The SeniorCare Investor: HUD Has Record Year In Senior Care -
232 Loan Volume In 2012 Was Double That In 2010
There is nothing like a financial crisis to drive commercial lenders away from the market and allow others to fill the void. Most market participants are too young to remember the days when HUD was the lender of last resort, the dregs of the industry were “forced” to wait for months and months to get their loans processed. Well, the reality was that yes, some of the lower quality borrowers were excluded from some of the traditional lending markets and went the HUD route, but some very sophisticated borrowers had been using HUD for many years, primarily because even back then, it was hard to beat the terms. You just had to be patient.
But then along came the HUD LEAN program a few years ago, and everything began to change, although we think even HUD underestimated what would happen to the demand for its senior care lending product. In fact, our HUD LEAN audio conference, which was proposed to us by Lancaster Pollard (more on them later) and had record attendance (and attendee questions) in May 2009, had to go into overtime to deal with all the audience questions. And at the time, we thought the topic would be a big snooze. Big miscalculation on our part, as it turned out to be one of the more dynamic topics we have presented. Who would have thought?
In an odd sort of way, the HUD LEAN product was designed to shorten the length of time it took to process the HUD 232 loans, but because demand soared, it actually started to take even longer in some cases, because the HUD offices were a bit overwhelmed until they were able to hire more staff and not only work through the queue, but divide the queue into different groups to move the “no-brainers” along faster. Today, the queue is negligible, and while it may still take longer than a balance sheet commercial lender, the kinks seem to have been worked out, which may help explain why the loan volume has gone through the roof, not to mention that with interest rates below 3% for debt maturities of 30 or more years, it is a financing cost that can’t be beat. And the real good news is that it is a profit center for the U.S Government, although we are not sure the current resident at 1600 Pennsylvania Avenue would like to admit that.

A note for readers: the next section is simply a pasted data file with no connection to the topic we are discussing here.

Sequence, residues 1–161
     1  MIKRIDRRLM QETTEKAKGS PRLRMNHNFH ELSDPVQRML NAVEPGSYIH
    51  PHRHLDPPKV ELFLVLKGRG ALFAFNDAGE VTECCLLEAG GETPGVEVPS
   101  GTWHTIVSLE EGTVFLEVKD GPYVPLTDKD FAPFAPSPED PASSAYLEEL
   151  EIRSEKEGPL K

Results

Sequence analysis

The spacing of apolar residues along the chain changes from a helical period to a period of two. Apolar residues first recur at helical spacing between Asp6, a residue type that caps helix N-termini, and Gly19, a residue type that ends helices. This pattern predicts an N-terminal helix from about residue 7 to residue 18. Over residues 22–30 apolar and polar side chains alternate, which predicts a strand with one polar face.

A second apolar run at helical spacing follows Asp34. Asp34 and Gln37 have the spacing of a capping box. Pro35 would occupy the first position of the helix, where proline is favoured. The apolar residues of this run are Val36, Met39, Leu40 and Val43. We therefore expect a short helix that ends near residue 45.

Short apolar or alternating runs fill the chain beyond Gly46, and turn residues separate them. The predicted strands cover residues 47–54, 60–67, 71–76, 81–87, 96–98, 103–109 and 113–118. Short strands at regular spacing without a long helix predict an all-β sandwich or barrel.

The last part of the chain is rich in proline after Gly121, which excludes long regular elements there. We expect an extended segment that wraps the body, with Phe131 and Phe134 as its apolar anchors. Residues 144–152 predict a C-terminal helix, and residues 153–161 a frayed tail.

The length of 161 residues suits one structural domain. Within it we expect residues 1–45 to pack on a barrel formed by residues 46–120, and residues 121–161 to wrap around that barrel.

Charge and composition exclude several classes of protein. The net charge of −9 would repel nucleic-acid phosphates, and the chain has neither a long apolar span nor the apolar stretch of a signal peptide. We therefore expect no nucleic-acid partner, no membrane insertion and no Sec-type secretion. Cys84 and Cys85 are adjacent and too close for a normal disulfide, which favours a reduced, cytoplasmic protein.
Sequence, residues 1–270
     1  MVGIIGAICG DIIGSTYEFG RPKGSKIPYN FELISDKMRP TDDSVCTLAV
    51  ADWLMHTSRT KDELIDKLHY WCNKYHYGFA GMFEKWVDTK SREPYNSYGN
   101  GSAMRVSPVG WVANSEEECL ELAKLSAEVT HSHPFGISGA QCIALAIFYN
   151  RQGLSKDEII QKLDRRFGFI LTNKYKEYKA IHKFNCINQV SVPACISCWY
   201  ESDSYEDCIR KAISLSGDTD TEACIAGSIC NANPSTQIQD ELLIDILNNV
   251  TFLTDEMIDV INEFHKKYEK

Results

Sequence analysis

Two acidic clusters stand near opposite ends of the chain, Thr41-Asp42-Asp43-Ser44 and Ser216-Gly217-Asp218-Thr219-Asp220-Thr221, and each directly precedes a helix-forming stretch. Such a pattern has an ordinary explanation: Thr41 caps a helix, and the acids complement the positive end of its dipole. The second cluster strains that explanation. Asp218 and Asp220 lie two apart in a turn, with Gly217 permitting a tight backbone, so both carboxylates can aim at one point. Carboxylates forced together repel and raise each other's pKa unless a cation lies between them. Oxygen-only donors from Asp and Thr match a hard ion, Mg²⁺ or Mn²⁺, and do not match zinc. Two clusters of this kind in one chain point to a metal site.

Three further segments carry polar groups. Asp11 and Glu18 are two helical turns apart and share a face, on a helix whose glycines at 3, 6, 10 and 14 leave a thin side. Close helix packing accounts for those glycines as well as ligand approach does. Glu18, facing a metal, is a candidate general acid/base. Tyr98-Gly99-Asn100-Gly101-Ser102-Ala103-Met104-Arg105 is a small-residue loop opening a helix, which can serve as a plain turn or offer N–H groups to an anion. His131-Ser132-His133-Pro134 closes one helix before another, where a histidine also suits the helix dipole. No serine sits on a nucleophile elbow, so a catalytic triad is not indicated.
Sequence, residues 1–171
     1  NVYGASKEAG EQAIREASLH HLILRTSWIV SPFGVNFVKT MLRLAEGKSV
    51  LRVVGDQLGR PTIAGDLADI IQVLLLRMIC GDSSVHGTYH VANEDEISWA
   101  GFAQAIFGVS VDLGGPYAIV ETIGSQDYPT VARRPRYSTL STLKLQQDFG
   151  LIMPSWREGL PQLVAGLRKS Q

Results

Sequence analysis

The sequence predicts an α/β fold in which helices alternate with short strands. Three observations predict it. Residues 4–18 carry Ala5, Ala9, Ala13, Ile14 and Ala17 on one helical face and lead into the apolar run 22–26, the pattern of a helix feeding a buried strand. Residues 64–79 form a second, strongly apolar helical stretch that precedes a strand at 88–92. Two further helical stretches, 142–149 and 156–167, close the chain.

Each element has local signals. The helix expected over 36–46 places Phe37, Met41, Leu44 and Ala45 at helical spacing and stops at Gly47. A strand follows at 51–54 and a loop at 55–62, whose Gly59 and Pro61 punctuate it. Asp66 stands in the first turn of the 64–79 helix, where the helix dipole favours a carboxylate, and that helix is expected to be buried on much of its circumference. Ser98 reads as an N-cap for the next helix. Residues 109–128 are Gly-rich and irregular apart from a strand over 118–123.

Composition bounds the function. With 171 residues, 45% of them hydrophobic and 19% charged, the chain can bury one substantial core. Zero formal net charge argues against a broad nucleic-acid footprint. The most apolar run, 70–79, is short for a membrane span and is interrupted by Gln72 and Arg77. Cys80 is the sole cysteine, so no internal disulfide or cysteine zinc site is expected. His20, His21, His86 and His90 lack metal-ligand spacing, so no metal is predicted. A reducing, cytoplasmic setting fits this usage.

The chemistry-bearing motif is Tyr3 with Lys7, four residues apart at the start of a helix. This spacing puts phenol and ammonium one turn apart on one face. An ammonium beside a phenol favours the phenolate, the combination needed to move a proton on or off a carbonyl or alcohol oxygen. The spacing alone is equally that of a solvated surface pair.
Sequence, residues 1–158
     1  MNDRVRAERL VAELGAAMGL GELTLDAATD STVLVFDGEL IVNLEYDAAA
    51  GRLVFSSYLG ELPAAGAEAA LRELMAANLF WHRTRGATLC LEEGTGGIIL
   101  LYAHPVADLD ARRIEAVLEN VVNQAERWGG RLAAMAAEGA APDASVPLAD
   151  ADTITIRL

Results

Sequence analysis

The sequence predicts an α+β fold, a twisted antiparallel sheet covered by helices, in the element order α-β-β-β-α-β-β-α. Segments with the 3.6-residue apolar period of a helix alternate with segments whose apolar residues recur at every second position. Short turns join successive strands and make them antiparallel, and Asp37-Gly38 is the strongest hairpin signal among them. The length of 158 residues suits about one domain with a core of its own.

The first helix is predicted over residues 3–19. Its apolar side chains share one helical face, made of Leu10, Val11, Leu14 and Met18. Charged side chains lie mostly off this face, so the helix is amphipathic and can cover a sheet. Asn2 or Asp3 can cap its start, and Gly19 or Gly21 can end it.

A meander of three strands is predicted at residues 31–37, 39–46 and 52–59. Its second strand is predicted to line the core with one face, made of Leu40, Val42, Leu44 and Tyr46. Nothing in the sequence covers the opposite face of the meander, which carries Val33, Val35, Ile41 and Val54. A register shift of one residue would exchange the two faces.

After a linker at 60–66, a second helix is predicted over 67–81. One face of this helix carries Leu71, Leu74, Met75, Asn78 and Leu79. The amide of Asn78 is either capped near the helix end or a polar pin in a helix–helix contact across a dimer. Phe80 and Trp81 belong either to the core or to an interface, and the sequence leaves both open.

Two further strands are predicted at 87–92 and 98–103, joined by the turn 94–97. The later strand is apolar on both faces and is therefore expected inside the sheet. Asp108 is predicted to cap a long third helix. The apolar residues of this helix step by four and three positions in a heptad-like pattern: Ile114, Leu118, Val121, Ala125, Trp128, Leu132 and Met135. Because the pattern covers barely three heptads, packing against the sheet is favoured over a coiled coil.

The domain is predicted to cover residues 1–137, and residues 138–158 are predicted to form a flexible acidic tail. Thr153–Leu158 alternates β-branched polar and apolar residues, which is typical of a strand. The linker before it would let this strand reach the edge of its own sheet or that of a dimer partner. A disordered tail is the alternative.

So what has happened since that May 2009 audio conference? HUD 232 loan volume in the government’s fiscal year (which ends September 30) 2010 was $2.542 billion, and then jumped by 29% to $3.288 billion in fiscal 2011. While that may be a significant increase, it doesn’t compare to what happened this fiscal year, when HUD 232 loan volume surged another 66% to $5.471 billion. To put these numbers into perspective, Fannie Mae and Freddie Mac combined completed about $2.1 billion in seniors housing loans in calendar year 2011, which excludes affordable seniors housing, which is tracked separately (2012 numbers won’t be available for a few months, as they do not operate on the government’s fiscal year). And Fannie and Freddie are often the market of choice for seniors housing borrowers. This just shows how the HUD program has taken off............Want to read more? Click here for a free trial to The SeniorCare Investor and download the current issue today